Kedusha DeSidra of Motzaei Shabbat

The Rama (O.H. 295:1) writes that in Arvit of Motzaei Shabbat, the verse (Tehilim 90:17) “Vihi Noam” followed by Kedusha DeSidra (ie. ‘“Ve’ata Kadosh…”) are added after the Amida. The Tur (ibid.) explains that this is added to Arvit so as to delay the return of the sinners to Gehinam. The Ashkenazic custom is to omit this entire section if a Yom Tov falls on a weekday that following week. 

The Sephardic custom common among Edot HaMizrah is that the entire section is recited, including “Shuva Hashem” etc. every Motzaei Shabbat, regardless of whether or not there is a Yom Tov that coming week. The latter opinion is based on the Zohar (Hakdamat Bereshit), which says that the “Yoshev Beseter Elyon” is an auspicious Mizmor which has the power to deflect negative spiritual forces, which are especially rampant after Shabbat is over. As such, it is recited every week due to its benefits.

Rabbi Shalom Messas (Shemesh Umagen, vol. III, § 85:6) and Rabbi David Ovadia (Nahagu Ha’am, Arvit, § 8) write that he Moroccan custom is that if a Yom Tov will fall during the coming week, the paragraphs of “Shuva Hashem ad Matai” and “Yoshev Beseter Elyon” are omitted, however the last verse “Orech Yamim Asbiehu” is said twice followed by Kedusha DeSidra. Interestingly, Rabbi Baruch Toledano (Kitzur Shulhan Aruch, § 273) agrees that this is the common custom, but writes that there were Mekubalim and great Torah sages who would recite the entire section starting with “Shuva”. The HIDA (Birke Yosef, ibid.) concurs but also testifies that he witnessed those that would recite “Shuva” quietly.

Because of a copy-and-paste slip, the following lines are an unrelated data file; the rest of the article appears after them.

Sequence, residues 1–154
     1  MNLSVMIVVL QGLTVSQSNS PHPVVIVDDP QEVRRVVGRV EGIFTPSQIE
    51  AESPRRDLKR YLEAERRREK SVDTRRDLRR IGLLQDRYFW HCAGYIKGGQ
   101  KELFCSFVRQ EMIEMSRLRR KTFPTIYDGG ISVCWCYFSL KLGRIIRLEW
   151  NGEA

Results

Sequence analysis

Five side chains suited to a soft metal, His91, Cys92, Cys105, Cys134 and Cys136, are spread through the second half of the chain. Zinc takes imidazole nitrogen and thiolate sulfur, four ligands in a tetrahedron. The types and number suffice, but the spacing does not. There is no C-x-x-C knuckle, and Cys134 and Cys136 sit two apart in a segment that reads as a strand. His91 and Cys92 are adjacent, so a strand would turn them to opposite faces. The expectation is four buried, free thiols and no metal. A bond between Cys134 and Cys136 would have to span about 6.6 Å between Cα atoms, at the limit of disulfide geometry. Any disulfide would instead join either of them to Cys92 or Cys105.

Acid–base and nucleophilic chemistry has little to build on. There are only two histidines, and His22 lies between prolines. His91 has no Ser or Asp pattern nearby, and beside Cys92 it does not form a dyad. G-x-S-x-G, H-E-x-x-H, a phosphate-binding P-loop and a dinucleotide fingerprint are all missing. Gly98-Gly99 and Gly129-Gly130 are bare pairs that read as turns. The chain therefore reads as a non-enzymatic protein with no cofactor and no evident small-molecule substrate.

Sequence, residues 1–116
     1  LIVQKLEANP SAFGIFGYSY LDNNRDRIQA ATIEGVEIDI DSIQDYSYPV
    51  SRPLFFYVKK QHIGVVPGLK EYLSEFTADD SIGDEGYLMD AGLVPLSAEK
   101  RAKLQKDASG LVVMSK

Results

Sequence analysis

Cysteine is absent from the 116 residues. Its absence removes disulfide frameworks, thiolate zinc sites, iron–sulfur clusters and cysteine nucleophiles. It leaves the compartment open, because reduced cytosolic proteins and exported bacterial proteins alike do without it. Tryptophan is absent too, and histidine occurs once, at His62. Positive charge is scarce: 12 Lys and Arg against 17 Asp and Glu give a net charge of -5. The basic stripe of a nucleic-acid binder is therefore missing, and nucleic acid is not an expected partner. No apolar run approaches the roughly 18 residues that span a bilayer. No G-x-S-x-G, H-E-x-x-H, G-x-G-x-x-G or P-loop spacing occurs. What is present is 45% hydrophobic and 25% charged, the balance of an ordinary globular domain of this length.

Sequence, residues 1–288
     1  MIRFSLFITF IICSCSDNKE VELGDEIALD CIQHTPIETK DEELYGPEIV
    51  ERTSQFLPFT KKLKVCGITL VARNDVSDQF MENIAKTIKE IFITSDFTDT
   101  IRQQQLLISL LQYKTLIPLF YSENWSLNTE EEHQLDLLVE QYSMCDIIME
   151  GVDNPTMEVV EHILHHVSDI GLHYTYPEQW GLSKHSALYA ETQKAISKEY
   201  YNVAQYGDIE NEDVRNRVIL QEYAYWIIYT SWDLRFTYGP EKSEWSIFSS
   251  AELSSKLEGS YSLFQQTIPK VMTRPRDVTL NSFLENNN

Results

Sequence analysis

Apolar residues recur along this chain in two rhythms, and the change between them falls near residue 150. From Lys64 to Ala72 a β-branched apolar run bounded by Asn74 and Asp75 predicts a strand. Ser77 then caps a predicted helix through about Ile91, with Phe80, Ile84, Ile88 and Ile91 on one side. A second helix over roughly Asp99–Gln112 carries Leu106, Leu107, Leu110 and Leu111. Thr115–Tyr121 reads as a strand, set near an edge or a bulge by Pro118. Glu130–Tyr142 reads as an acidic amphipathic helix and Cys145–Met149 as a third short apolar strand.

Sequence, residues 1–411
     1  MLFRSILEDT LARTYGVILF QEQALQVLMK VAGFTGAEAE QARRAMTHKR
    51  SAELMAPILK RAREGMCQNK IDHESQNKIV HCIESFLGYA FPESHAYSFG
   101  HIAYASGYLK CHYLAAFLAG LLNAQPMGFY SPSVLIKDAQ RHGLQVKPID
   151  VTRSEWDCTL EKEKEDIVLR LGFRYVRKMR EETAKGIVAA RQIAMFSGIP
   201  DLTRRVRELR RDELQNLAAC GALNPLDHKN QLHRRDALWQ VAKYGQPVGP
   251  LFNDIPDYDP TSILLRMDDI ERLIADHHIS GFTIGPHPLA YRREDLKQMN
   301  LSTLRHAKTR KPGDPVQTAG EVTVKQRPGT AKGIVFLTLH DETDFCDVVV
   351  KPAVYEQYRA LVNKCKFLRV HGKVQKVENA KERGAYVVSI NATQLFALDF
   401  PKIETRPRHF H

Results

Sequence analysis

The Rama goes on to write that it is customary to make mention of Eliyahu Hanavi, especially in Havdalah, and to pray for him to herald the coming of Mashiah. The Gemara in Eruvin (43b) mentions that he will not come on Erev Shabbat or Yom Tov since people are preoccupied with preparations, or on Shabbat itself due to the violations of traveling beyond the boundaries of Shabbat. Therefore, as soon as Shabbat is over, we immediately pray for his arrival. 

Summary: If Yom Tov falls on a weekday, Kedusha DeSidra begins with “Orech Yamim”, while “Shuva Hashem Ad Matai” and “Yoshev Beseter Elyon” are omitted, on the preceding Motzaei Shabbat.